Backbenchers Unhappy With Government’s Weak Measures Announced Against Xinjiang

In an attempt to stave off a brewing backbench rebellion in support of Amendment 9 to the Trade Bill (designed to empower the High Court to revoke bilateral trade agreement with states proved to be committing genocide), the Government have brought forward a raft of measures against the Xinjiang region of China. These are:

  • A fresh review of export controls as they apply to Xinjiang in order to prevent the exports of goods that may contribute to human rights abuses in the region.
  • New guidance for companies setting out the specific risks faced by companies with links to Xinjiang
  • Guidance and support for all UK public bodies to use public procurement rules to exclude suppliers where there is sufficient evidence of human rights violations in supply chains.
  • A Minister led campaign of business engagement to reinforce the need for UK businesses to take action to address the risk.
  • The introduction of financial penalties for organisations who fail to meet their statutory obligations to publish annual modern slavery statements, under the Modern Slavery Act.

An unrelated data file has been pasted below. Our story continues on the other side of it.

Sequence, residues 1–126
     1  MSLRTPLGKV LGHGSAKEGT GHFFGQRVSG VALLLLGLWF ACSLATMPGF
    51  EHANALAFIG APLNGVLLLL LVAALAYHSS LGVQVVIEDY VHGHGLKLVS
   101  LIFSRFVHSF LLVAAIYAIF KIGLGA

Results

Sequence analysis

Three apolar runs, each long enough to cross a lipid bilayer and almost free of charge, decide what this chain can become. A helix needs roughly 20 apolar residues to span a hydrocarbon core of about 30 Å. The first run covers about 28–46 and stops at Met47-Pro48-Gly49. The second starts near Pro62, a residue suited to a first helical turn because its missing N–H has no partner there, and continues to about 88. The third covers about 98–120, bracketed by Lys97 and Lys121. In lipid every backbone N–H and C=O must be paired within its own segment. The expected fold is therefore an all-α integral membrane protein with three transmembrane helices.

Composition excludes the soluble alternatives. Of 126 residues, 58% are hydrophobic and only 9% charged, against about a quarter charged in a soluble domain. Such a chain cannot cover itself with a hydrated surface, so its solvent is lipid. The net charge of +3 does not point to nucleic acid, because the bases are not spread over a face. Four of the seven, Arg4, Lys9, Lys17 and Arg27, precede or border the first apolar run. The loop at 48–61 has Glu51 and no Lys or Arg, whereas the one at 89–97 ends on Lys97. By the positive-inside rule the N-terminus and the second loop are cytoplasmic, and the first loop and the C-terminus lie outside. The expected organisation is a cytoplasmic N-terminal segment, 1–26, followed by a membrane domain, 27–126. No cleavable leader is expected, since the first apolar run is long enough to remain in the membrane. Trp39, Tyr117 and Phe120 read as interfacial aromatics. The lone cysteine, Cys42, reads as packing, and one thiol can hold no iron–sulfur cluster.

Yet these reviews and new guidance have not landed well with those involved in the Trade Bill amendment efforts. There is widespread discontent towards the fact that the measures have side stepped the issue of genocide altogether. In the Commons this afternoon Dominic Raab refused to use the word genocide in response to probing from Lisa Nandy, Layla Moran, Iain Duncan Smith, and Nus Ghani.

The new measures only pertain to forced labour in the region, nothing else. Meaning the Government’s action today has nothing to do with internment in concentration camps, forced organ harvesting, sterilisation, rape, torture, indoctrination and the prohibition of religion. Nothing in these measures will have a concrete effect.

Aside from the review of export controls, the measures focus on strengthening compliance with the modern slavery act. Which sounds impressive, yet in reality is simply a report obligation. To comply, companies just have to produce a modern slavery statement on their website. Nothing more. An annual annoyance that does not even guarantee any due diligence.

Iain Duncan Smith tells Guido that the measures are welcome but disappointing.

“The government has promised for months to use the Magnitsky powers to sanction individuals guilty of abuses in Hong Kong and vitally, repression and systematic destruction of the Uyghur people. Yet there was nothing in this statement about any action. Also it is clear that the Chinese are now guilty of Genocide against the Uyghurs and yet the govt opposes a cross party amendment to get UK courts to rule on charges of genocide.

In the week of commemoration of Holocaust, we need to learn the lesson of the past and act against brutal regimes like the Chinese Communist party.”

If the Government thought these measures would quell backbench unrest they’ve seriously misjudged the mood of the House…

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